Importance of Pollinators
Three-fourths of the world’s flowering plants and about 35 percent of global food crops depend on animal pollinators – such as bees, butterflies, moths, birds, bats, beetles, and other insects – to thrive. Many plants are completely adapted to reproduction by foraging pollinators, meaning they cannot produce fruit or seed in any other way. In fact, some scientists estimate that one out of every three bites of food that we eat exists because of pollinators.1
Threats posed by habitat loss, disease, parasites, climate change, and environmental contaminants have all contributed to the global decline of many pollinator species.1 For example, North American populations of the monarch butterfly have been declining at alarming rates2, prompting the U.S. Fish & Wildlife Service to explore whether this once-abundant species should be listed as an endangered species in serious threat of extinction.3 Honey bees and native bee species also have been in major decline across the United States for several decades.4
In Illinois alone, there are 500 native bee species5 that support our flowering and food plant populations, along with 150 butterfly species and 1,850 moth species6. Illinois also serves as an important migratory route for monarchs and other pollinators that need appropriate habitat to help them survive and reproduce as they travel.
ComEd Supports Pollinator Conservation
ComEd recognizes the importance of the many programs, partnerships, and individual actions that residents of Illinois are taking to conserve pollinators, support their habitat, and protect pollinator-dependent plants and food crops.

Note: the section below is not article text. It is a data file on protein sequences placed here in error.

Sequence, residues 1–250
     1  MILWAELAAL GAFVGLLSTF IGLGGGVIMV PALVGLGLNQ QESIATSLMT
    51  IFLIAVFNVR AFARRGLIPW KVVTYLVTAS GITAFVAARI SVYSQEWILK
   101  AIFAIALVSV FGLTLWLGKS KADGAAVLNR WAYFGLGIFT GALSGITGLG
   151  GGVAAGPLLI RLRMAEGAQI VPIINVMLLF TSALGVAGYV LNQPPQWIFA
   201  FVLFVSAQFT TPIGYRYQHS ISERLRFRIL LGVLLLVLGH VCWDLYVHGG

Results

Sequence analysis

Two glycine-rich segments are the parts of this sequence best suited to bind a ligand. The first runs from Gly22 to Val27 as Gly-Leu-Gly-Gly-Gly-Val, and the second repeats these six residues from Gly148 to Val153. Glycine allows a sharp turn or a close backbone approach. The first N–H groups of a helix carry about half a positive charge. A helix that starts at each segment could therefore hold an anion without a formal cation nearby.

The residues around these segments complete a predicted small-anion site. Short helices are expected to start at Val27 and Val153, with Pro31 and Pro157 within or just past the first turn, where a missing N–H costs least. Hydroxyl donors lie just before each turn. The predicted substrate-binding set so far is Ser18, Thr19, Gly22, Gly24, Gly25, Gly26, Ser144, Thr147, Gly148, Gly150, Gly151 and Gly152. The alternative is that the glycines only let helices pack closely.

As a response to the growing awareness around pollinators and the tremendous interest in pollinator conservation projects in the 2017 grants cycle, ComEd has again designated a special focus on pollinator conservation in the 2019 Green Region Program.
What Does “Special Focus” Mean?
During this grant cycle, a special consideration will be given to project applications that show a demonstrable benefit for pollinator conservation. Examples of demonstrable benefits for pollinator conservation include, but are not be limited to, projects that:
- Establish or enhance pollinator habitat
- Incorporate interpretation components, such as educational site signage, that inform the public about pollinators and pollinator conservation
Please note that while pollinator conservation is not a requirement of this year’s applications, all applicants are encouraged to consider how pollinators might be supported by their particular project. Eligible applications for projects that meet regular Program Guidelines will still be accepted for consideration, regardless of whether they focus on pollinator conservation.
For more information about the Pollinator Conservation Special Focus, please contact firstname.lastname@example.org.
- 1 USDA Natural Resources Conservation Service, https://www.nrcs.usda.gov/wps/portal/nrcs/main/national/plantsanimals/pollinate/
- 2 Monarch Joint Venture, http://monarchjointventure.org/news-events/news/new-research-indicates-eastern-monarch-population-at-risk-of-extinction
- 3 U.S. Fish & Wildlife Service, https://www.fws.gov/savethemonarch/SSA.html
- 4 White House’s National Strategy to Promote the Health of Honey Bees and Other Pollinators Report, https://obamawhitehouse.archives.gov/sites/default/files/microsites/ostp/Pollinator%20Health%20Strategy%202015.pdf
- 5 Chicago Botanic Garden, http://www.chicagobotanic.org/conservation/bees
- 6 Illinois Department of Natural Resources, https://www.dnr.illinois.gov/education/Pages/WAMothButterlfy.aspx